Wednesday, June 4, 2014

Beer Education: Leipziger Gose - Who put salt in my beer!?

*Source Below*
Gose (pronounced like “rose” with an “uh” at the end; Go-zuh) beers are amazing. They have been around for about 1000 years, believe it or not. The tangy, crisp, somewhat salty, and dry wheat beer that calls Leipzig home originated over 100 miles away.

This style is named after the Gose River that runs through the city of Goslar. Around the 11th century, Goslar was a thriving industrial town supported by mining and brewing. The water used for brewing logically came from the Gose River. This water is naturally salty. By the early 18th century as Goslar’s mining declined, brewing somehow made its way to Leipzig. By early the 1900’s, Gose had found its new home and Leipzig became the largest producer of the style.

This reign did not last long, however. Wars nearly sent this style into oblivion. It wasn't until the Berlin Wall came down in 1989 that this precious style could make a return in the brewhouse.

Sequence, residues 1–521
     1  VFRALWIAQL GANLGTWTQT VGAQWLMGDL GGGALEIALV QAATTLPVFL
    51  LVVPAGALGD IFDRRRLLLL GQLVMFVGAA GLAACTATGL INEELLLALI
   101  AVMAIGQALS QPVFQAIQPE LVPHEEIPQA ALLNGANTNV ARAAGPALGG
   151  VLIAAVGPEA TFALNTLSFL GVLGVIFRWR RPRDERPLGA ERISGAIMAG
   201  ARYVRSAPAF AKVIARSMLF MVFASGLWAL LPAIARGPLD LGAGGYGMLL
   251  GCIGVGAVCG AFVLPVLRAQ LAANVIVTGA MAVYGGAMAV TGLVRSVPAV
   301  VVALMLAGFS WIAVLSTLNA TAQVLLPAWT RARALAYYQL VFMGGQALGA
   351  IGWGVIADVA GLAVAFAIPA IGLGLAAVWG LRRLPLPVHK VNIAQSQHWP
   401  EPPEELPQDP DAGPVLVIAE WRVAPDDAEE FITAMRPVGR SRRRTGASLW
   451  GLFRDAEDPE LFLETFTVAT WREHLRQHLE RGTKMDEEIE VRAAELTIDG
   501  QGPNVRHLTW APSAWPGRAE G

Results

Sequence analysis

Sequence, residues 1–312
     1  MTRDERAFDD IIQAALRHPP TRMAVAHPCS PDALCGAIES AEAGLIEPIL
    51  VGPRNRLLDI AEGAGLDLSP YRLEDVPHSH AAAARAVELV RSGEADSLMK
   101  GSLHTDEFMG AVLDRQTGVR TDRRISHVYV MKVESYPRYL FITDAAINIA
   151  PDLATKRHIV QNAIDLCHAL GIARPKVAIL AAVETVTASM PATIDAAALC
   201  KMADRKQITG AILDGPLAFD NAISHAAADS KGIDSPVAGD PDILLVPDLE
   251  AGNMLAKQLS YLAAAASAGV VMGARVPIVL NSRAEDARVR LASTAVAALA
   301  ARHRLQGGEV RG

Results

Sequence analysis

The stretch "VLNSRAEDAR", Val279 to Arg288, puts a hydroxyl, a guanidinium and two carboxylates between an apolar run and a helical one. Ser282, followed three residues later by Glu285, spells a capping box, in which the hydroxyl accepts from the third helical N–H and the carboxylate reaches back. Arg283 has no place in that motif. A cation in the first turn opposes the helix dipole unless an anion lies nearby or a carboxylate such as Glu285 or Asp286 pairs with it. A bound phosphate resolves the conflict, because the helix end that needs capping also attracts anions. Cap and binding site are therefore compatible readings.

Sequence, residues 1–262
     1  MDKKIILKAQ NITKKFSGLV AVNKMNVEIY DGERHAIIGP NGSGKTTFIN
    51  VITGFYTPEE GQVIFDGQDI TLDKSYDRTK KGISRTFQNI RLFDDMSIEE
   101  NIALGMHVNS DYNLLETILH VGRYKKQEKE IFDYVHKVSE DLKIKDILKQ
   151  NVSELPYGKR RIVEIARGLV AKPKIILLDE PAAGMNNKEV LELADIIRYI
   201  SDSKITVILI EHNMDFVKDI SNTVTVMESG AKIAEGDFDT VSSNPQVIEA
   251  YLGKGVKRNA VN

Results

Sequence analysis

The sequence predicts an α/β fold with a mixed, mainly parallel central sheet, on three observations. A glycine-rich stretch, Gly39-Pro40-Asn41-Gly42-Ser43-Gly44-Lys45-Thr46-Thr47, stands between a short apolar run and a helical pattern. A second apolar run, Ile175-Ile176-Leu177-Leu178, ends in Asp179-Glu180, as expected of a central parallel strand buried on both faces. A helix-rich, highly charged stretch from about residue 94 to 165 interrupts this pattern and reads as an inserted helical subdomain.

Gose is brewed with malted barley and malted wheat (historically, oats and unmalted wheat were also used), lightly hopped, and some coriander added for spice. The water profile is true to its origin: slightly salty. Yeast along with lactic bacteria or Brettanomyces are used to add some tart characteristics.

The end result is a straw to golden colored beer with a thick, creamy head and slight veil to it. Lemony, tangy, some spice character from the coriander and yeast, and the saline quality only enhances the thirst quenching, refreshing allure of the Gose. Similar to Berliner Weisse, these beers are sometimes offered with a shot of raspberry or woodruff syrups to ease the sourness. At about 4.5% ABV average, go ahead and have another! So, who’s thirsty?

Thanks for reading. I hope you enjoyed it and learned a thing or two. Until next time!


-Gilbert “Charlie” Perez, Certified Cicerone®

Source of Picture: Click Here